<p>Contributions are welcome. Feel free to make feature requests in the issues.</p>
<h1>Purpose</h1>
<p>To easily work with humanreadable engineering notation. I wrote this as a quick tool for my own use.
I found that I was writing the same functionality into multiple packages and would like a quick pipinstallable
package to take care of this manipulation for me. The package should be easily extended for other use cases.
The package is unitless, so only operates on numeric values. Unit detection may be added in future versions.</p>
<h1>Installation</h1>
<p>Install using pip: <code>pip install engineering_notation</code>.</p>
<h1>Status</h1>
<p>This project currently has 100% test coverage. Have a look in <code>test/test.py</code> for examples of how to use
this library.</p>
<h1>Use</h1>
<p>There are multiple ways of initializing a number to a particular value, but a string is the preferred method:</p>
<p>```</p>
<blockquote>
<blockquote>
<blockquote>
<p>from engineering_notation import EngNumber
EngNumber('10k')
10k
EngNumber('10000')
10k
EngNumber(10000)
10k
EngNumber(10000.0)
10k
EngNumber(1e4)
10k
```</p>
</blockquote>
</blockquote>
</blockquote>
<p>Where decimals are involved, we use a default precision of 2 digits:</p>
<p>```</p>
<blockquote>
<blockquote>
<blockquote>
<p>EngNumber('4.99k')
4.99k
EngNumber('4.9k')
4.90k
```</p>
</blockquote>
</blockquote>
</blockquote>
<p>This behavior can truncate your results in some cases, and cause your number to round. To specify more or less
digits, simply specify the precision in the declaration:</p>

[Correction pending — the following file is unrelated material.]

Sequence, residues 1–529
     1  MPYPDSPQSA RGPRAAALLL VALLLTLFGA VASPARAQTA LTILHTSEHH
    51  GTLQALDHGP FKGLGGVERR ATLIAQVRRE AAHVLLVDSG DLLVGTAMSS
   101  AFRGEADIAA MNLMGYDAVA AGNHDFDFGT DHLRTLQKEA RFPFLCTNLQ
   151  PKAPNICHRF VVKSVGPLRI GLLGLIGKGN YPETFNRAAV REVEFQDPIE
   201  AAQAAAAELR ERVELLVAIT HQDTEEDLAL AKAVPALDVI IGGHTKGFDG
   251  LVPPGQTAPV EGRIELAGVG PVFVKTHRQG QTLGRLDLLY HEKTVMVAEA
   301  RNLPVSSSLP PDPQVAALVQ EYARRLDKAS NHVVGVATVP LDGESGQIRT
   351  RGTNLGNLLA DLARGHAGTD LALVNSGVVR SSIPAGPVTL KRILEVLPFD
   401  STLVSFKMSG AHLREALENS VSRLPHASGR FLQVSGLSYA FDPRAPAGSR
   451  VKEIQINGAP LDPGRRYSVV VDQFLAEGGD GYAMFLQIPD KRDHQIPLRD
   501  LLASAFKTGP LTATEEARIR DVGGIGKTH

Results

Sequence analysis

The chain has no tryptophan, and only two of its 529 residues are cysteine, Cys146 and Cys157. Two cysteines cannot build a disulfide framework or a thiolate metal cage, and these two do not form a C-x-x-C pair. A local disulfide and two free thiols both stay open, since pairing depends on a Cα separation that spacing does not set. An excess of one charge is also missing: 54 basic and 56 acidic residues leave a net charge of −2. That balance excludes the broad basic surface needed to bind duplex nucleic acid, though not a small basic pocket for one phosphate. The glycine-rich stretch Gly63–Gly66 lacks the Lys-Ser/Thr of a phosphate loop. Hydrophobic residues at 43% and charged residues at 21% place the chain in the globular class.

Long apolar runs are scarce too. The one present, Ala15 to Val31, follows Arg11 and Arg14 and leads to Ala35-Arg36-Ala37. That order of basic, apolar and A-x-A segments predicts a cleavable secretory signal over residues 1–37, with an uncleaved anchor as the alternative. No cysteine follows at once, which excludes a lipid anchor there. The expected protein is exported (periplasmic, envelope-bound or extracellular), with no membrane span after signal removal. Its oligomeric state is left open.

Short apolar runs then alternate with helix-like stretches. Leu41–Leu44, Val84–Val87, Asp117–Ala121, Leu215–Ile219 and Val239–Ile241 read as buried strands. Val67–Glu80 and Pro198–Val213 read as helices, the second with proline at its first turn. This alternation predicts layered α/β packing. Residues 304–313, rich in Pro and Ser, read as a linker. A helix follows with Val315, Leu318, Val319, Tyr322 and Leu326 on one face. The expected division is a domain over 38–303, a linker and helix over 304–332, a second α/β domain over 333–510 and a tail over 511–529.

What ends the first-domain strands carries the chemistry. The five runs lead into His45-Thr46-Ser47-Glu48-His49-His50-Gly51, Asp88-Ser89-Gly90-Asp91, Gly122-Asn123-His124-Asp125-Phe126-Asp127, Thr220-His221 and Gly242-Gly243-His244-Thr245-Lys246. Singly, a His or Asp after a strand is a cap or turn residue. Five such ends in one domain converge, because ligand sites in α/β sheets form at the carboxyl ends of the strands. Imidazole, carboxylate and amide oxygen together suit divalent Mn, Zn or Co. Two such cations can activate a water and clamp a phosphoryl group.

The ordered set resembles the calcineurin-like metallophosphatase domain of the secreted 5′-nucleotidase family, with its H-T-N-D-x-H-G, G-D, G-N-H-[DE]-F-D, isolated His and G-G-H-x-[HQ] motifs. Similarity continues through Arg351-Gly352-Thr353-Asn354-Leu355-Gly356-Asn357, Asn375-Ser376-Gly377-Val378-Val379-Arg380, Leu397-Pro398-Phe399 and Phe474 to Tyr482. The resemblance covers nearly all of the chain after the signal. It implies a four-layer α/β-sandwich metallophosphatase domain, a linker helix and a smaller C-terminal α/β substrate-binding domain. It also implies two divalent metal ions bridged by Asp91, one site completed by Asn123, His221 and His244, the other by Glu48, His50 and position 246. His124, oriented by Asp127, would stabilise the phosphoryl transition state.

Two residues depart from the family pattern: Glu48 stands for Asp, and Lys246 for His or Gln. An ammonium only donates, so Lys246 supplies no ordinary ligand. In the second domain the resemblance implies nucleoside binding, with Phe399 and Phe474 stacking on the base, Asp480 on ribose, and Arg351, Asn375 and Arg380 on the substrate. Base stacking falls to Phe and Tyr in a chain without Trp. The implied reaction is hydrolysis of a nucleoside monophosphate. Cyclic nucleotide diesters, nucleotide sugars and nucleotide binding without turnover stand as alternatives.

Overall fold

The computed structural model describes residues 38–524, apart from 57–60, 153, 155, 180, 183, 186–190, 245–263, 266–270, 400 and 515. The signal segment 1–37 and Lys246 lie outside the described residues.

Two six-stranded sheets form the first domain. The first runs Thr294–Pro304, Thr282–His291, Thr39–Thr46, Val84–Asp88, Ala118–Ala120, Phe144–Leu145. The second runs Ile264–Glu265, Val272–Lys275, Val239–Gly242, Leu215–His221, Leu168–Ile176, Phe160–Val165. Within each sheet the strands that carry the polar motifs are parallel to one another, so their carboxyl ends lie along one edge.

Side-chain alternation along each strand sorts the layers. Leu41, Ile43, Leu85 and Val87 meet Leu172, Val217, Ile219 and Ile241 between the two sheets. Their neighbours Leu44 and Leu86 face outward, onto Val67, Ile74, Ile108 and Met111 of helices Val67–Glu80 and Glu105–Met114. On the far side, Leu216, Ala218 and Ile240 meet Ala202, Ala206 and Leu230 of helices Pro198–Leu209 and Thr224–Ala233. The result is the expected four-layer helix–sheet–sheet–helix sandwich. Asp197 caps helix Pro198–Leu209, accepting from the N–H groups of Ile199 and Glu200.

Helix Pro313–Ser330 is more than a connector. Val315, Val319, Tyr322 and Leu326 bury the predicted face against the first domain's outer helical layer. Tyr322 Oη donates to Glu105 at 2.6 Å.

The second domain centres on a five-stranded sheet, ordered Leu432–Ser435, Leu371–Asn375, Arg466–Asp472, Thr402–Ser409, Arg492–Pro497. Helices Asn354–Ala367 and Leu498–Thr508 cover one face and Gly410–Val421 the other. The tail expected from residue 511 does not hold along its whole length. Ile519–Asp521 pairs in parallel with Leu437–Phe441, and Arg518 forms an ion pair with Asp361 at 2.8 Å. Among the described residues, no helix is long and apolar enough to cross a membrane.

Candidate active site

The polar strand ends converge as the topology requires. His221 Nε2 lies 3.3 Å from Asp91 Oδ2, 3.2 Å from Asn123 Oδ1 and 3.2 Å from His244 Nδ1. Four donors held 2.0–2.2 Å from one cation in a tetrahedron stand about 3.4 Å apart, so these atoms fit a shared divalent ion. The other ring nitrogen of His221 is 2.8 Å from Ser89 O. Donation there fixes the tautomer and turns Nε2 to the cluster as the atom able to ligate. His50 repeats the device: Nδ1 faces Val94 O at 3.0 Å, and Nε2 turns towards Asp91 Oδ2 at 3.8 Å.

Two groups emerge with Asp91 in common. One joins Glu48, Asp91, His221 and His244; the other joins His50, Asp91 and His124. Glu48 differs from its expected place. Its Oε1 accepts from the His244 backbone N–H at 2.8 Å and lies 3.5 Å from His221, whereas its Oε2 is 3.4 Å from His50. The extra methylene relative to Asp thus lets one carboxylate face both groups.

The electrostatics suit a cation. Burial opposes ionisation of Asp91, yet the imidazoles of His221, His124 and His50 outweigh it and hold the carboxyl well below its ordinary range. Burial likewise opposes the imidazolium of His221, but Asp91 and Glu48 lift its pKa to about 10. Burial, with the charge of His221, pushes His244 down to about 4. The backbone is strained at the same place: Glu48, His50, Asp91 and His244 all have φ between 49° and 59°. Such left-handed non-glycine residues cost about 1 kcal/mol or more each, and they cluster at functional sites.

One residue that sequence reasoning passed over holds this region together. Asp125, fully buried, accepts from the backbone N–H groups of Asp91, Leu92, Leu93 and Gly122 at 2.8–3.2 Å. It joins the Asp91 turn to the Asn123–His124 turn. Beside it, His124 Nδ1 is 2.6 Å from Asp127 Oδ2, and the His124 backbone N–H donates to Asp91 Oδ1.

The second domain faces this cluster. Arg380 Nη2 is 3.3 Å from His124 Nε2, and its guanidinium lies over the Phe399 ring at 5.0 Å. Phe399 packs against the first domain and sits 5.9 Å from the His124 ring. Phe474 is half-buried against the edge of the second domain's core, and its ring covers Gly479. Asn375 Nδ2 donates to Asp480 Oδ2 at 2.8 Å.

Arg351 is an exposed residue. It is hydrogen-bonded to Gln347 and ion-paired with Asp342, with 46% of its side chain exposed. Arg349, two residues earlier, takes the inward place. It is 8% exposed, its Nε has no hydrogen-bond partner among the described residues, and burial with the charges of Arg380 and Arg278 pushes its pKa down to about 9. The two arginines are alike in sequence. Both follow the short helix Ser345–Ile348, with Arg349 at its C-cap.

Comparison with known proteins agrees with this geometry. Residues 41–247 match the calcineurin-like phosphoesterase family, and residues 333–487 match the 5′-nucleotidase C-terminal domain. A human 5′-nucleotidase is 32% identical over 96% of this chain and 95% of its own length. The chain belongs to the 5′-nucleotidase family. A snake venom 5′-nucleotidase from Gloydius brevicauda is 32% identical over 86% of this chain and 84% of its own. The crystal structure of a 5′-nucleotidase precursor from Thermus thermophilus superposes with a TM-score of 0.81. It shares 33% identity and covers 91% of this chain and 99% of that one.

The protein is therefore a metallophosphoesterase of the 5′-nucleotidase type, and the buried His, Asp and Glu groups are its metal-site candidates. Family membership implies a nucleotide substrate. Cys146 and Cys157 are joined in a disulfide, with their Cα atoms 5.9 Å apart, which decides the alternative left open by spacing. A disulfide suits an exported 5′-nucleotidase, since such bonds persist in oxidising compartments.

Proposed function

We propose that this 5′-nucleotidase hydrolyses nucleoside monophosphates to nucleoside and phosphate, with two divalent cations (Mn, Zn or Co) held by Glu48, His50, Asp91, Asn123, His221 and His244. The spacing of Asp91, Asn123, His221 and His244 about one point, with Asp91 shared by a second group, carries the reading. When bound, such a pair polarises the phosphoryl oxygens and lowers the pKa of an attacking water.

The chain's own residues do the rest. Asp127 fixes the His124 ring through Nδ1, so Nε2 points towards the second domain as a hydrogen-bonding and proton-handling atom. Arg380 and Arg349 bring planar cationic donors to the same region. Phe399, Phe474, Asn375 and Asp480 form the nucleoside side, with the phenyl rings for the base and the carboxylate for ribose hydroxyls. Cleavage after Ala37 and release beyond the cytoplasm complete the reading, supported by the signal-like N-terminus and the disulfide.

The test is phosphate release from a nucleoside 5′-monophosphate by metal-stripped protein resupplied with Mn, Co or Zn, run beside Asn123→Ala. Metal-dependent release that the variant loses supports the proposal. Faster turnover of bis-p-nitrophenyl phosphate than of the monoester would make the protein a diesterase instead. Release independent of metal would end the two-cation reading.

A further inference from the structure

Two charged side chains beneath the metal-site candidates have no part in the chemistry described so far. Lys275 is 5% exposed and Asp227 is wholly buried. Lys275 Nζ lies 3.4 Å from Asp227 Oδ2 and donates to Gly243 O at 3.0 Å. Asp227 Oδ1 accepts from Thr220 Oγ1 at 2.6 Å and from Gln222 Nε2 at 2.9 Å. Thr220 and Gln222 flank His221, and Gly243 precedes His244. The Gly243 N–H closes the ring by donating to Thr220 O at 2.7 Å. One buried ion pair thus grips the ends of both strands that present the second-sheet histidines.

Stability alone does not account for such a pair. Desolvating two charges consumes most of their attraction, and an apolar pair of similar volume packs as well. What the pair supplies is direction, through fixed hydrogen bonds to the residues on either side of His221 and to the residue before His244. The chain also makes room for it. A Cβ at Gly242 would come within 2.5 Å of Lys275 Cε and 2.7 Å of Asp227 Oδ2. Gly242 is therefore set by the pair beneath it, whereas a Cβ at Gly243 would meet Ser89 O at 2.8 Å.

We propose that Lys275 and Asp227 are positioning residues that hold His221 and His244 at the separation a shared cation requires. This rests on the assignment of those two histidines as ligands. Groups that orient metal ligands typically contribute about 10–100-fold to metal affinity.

<p>```</p>
<blockquote>
<blockquote>
<blockquote>
<p>EngNumber('4.999k')
5k
EngNumber('4.999k', precision=3)
4.999k
```</p>
</blockquote>
</blockquote>
</blockquote>
<p>Most operations that you would perform on numeric values are valid, although all operations are not implemented:</p>
<p>```</p>
<blockquote>
<blockquote>
<blockquote>
<p>EngNumber('2.2k') * 2
4.40k
2 * EngNumber('2.2k')
4.40k
EngNumber(1.2) > EngNumber('3.3k')
False
EngNumber(1.2) <= EngNumber('3.3k')
True
EngNumber('3.3k') == EngNumber(3300)
True
```</p>
</blockquote>
</blockquote>
</blockquote>
<p>All of the above operations are also possible on the <code>EngUnit()</code> class as well. The only difference is
that units must match for addition/subtraction/comparison operations. Although multiplication and division
operations will work numerically, they may not always be strictly correct. This is because EngUnit is not
intended to replace a computer algebra system!</p>
<p>```</p>
<blockquote>
<blockquote>
<blockquote>
<p>EngUnit('2s') / EngUnit('4rotations')
0.5s/rotations
```</p>
</blockquote>
</blockquote>
</blockquote>
<p>Additionally, since there are 'reserved' letters for sizing the number, you must be careful with your units!</p>
<p>```</p>
<blockquote>
<blockquote>
<blockquote>
<p>EngUnit('2mm')
2mm # <<< this value equivalent to "0.002m"
EngUnit('2meter')
2meter # <<< this value is equivalent to "0.002eter", the "m" was used to scale the unit!
```</p>
</blockquote>
</blockquote>
</blockquote>
<h1>Contributions</h1>
<p>Contributions are welcome. Feel free to make feature requests in the issues.</p>